Foams are mea­sured in two ways. Firstly there is the feel – hard or soft. Then there is the den­sity – high or low. The feel is what makes one mat­tress plush and an­other firm. The den­sity is what makes one foam last longer than an­other.

You can get a soft mat­tress in low or high den­sity. Den­sity does not af­fect the feel. But it will make a big dif­fer­ence to how long your mat­tress will last. Den­sity is what costs money. So be­fore you buy a mat­tress, be sure to ask about the den­sity of the foams in­side. The first layer (on top of the springs) is usu­ally the low­est den­sity (20-25kg/m2 is usu­ally fine for this layer). But many man­u­fac­tur­ers con­tinue to use low den­sity (20kg/m2 or lower) for the top com­fort lay­ers. While you won’t no­tice this when you first feel your new mat­tress, it will be­come ob­vi­ous as the foam breaks down and you end up sleep­ing in a hol­low (some­times as quickly as just a few months).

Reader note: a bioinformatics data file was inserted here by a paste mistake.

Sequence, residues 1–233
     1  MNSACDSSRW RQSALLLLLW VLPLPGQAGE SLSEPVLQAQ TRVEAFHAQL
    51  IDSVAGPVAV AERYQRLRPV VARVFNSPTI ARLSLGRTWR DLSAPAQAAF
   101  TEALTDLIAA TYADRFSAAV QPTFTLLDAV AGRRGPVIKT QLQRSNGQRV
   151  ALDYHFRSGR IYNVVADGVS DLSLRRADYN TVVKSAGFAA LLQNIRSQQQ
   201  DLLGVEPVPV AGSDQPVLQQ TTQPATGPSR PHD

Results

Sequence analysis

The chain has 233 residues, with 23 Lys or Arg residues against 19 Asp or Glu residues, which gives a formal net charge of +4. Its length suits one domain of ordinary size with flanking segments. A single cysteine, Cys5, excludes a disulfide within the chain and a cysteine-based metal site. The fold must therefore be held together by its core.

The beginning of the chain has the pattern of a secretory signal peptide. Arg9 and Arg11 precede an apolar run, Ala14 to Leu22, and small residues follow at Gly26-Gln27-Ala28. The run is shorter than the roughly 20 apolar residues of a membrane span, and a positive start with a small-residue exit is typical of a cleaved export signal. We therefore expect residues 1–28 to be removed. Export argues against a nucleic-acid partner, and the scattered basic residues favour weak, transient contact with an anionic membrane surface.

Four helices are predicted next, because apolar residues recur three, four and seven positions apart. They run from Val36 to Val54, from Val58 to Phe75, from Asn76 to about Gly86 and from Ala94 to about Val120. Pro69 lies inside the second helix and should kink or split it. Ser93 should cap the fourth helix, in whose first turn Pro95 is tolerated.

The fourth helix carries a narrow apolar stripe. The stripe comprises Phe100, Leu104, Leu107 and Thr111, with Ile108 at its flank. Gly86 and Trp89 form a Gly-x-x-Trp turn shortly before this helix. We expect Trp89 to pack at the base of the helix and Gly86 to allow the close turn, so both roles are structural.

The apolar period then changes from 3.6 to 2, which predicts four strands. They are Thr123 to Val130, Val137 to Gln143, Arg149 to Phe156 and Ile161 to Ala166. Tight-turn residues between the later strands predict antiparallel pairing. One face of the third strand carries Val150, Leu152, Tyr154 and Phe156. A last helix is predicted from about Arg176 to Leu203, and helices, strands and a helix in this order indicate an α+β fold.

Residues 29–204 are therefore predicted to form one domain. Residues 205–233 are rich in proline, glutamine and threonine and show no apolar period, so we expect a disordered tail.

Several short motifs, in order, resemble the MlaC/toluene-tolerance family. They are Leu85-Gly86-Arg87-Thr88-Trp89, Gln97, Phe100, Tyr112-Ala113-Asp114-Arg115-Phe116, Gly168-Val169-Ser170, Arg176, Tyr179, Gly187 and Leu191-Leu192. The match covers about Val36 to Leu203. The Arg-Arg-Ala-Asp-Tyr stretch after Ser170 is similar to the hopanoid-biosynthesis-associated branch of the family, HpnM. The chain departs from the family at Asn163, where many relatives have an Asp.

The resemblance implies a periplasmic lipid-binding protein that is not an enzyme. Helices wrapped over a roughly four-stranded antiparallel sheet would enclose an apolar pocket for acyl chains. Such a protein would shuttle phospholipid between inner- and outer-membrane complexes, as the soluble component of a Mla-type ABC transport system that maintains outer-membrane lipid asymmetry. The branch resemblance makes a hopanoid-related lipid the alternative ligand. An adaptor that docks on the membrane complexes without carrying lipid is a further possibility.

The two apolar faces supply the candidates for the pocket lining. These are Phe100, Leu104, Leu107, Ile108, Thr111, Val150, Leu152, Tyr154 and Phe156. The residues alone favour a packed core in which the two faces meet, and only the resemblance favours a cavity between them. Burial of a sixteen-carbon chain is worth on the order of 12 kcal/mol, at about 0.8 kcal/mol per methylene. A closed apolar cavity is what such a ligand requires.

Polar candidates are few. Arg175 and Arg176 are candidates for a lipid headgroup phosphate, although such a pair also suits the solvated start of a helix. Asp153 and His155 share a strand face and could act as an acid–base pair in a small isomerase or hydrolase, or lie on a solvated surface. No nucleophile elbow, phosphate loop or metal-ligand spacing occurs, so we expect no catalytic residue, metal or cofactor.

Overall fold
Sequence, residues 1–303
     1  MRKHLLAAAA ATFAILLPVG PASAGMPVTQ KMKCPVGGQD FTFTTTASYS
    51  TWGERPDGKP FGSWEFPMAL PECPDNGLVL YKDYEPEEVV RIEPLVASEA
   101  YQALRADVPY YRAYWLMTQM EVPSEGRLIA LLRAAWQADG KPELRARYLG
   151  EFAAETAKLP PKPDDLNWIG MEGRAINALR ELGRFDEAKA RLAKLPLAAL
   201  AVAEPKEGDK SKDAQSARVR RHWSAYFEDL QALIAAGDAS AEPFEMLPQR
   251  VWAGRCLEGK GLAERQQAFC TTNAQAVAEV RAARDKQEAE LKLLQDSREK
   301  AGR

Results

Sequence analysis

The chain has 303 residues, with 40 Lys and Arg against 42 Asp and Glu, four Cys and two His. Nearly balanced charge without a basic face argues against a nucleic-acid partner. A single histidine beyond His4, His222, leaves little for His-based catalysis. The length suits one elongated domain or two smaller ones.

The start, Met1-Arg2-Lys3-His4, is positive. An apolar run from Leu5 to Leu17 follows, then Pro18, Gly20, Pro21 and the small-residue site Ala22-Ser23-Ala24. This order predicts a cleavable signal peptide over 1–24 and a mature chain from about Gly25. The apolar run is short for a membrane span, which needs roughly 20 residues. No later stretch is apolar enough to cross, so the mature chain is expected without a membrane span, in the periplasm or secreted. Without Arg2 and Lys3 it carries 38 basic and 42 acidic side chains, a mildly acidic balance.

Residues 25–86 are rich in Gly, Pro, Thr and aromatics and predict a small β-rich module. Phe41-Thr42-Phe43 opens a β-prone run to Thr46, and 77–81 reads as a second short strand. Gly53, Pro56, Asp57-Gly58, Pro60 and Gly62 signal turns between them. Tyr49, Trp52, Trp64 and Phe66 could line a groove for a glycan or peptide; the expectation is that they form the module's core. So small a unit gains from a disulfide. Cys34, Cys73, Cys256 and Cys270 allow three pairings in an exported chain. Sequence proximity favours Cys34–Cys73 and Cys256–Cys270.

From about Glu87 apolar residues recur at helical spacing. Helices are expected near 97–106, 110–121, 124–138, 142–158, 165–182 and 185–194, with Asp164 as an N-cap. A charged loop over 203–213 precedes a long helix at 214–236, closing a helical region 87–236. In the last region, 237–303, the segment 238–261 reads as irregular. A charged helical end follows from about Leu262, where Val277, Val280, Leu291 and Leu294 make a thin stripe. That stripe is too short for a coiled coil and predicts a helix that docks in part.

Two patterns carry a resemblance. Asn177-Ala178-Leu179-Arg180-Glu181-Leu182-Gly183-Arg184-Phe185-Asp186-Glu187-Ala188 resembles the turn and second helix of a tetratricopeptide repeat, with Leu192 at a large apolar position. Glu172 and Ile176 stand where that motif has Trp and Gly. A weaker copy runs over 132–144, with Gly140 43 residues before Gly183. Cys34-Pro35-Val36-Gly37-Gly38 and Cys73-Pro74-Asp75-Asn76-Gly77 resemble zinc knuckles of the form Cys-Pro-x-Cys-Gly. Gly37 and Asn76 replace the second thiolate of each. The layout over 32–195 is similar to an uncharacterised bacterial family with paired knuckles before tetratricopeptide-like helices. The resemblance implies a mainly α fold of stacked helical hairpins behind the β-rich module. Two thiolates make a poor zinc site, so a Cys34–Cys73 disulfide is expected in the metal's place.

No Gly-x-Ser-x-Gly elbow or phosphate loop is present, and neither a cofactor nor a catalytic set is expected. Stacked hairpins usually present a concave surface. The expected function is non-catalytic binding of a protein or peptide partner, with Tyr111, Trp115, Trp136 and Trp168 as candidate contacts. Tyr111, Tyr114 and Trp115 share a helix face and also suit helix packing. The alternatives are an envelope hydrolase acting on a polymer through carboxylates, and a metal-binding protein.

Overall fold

FIVE: Spe­cialty Foam

Mem­ory foam is a term used to de­scribe foams that have a slow ‘bounce’. In other words, once de­pressed, they take a few sec­onds to re­gain their orig­i­nal shape. Gel foam is a term used to de­scribe foam that is in­fused with a spe­cial gel sub­stance. Both mem­ory and gel foams feel sim­i­lar to touch. But be­cause some peo­ple find mem­ory foams hot to sleep on (due to the fact you tend to sink into the foam more), the ad­di­tion of gel par­ti­cles en­cour­ages air flow and a cooler sleep­ing sur­face. Al­though used as a mar­ket­ing gim­mick by many man­u­fac­tur­ers, we do see some ben­e­fit in us­ing gel in­fused mem­ory foam if you tend to feel hot when you sleep.